Monday was a day to commemorate heroes and heroines at the 10th anniversary of the installation of the Tuskegee Airmen Memorial at the Pittsburgh International Airport.
In 2013, the Tuskegee Airmen Memorial Greater Pittsburgh Region, in partnership with the Allegheny County Airport Authority, unveiled a memorial exhibit in Concourse A Airside terminal. The past decade was commemorated with a presentation of a new plaque for the exhibit during a ceremony in the Landside terminal.
The memorial has photos and other details about the African-American men and women, many from Western Pennsylvania, who served during World War II.
The Tuskegee Airmen were the first African-American aviators and military support soldiers in the U.S. armed forces. According to Regis Bobonis Sr., a retired Pittsburgh journalist and amateur historian, the Pittsburgh region sent the largest contingent of Black airmen trained at Tuskegee and enlisted in the U.S. Army Air Forces during World War II — including the only woman, Rosa Mae Willis Alford of Beaver County.
The Airport Authority continues its commitment to honoring military veterans, particularly those who faced unique challenges and hardships because of the color of their skin such as the Tuskegee Airmen, said Jeff Immel, the Airport Authority’s general counsel and former U.S. Navy fighter pilot.
“The Tuskegee Airmen Memorial tells the story of incredibly brave men and women who served our nation proudly, and it is crucial that that story continues to be told,” Immel said.
These men and women paved the way for those who came after them, including Immel himself, he said.
Col. Troy E. Wing, Operations Group Commander for the 171st Air Refueling Wing, Pa. Air National Guard, said when thinking of the endeavors of the Tuskegee Airmen, the first word that comes to mind is “courageous.”
“These airmen fought not only for their country in World War II but they fought for the right to assist in our military facing segregation and racial discrimination,” Wing said. “These airmen performed valiantly. They not only faced the Germans, they helped shatter racial stereotypes. They persevered through adversity even after they returned.”
Wing said the memorial “gives people a moment to reflect on the magnitude of the formation of the Tuskegee Airmen and how their sacrifice and contributions not only helped us win a war, but helped us move forward as a nation,” Wing said. “As we lose them, it is even more important to have a way to remember them. We learned from them that actions speak louder than words.”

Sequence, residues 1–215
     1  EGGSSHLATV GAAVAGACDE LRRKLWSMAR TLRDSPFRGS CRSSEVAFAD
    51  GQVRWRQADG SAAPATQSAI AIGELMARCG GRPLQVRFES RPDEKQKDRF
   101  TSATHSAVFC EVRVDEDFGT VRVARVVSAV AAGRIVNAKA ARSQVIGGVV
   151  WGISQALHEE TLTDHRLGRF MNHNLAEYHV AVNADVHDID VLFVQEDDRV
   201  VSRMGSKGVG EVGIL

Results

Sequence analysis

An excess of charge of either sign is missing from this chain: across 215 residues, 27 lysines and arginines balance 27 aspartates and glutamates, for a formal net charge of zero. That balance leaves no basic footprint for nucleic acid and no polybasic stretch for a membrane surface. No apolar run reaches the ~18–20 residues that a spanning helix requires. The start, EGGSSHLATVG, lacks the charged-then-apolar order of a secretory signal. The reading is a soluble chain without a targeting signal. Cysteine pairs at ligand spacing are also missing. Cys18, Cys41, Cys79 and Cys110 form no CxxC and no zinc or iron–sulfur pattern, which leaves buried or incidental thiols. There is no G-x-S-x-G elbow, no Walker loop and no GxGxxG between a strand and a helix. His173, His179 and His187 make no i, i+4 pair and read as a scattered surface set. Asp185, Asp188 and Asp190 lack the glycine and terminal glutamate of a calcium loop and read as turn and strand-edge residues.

Remembering this historic moment is a way to honor and treasure the Tuskegee Airmen, said Kimberly Slater-Wood, who is chairwoman of the Tuskegee Airmen Memorial Greater Pittsburgh organization. She is the daughter of Tuskegee Airman Harold Slater, who served as a mechanic with the 477th Bombardment Group in WWII.
He died in 2014.
Her dad didn’t talk much about his service, Slater-Wood said. When Bobonis came to interview him, he didn’t dwell on how he was treated, his daughter said. He said he was proud to serve his country.
“It doesn’t seem like it was 10 years ago that we were here for the ribbon cutting,” Slater-Wood said. “We are here to give homage and honor to the Tuskegee Airmen. We want to ensure their legacy is preserved forever and their heroic efforts are not forgotten. My father was the embodiment of integrity, commitment, selflessness, self-respect and respect for others.”
The plaque, which will be installed on the memorial, has a QR code for people to learn more about the memorial at the airport as well as the outdoor memorial at Sewickley Cemetery. Slater-Wood said her dad was honored to be part of the initial memorial and would be even more honored to see this dedication.
One of Slater-Wood’s hopes is to continue to educate about the Tuskegee Airmen for future generations.
“Education about this is so important,” said Janis C. Brooks, a board member and niece of Tuskegee Airman George A. Bivins. “We would like to see more community programs and teachings about this in our schools. “
Polly Bozdech Veater is secretary of Military Affairs Council for Western Pennsylvania.
She met Tuskegee Airman Kingsley Carye at the Holy Cross Episcopal Church in Homewood. He told her stories about his time in the war.
“I want to help anyway I can,” said Veater. “I want to give back in his honor. I know someone who lived through this. It was special to know him.”
“As I stand here as a daughter of a Tuskegee Airmen and on behalf of the board and families of these veterans I am so very humbled and grateful as we carve out another significant piece of history,” Slater-Wood said. “Those who were here with us in 2013 have transitioned into angels and their spirit remains among us.”
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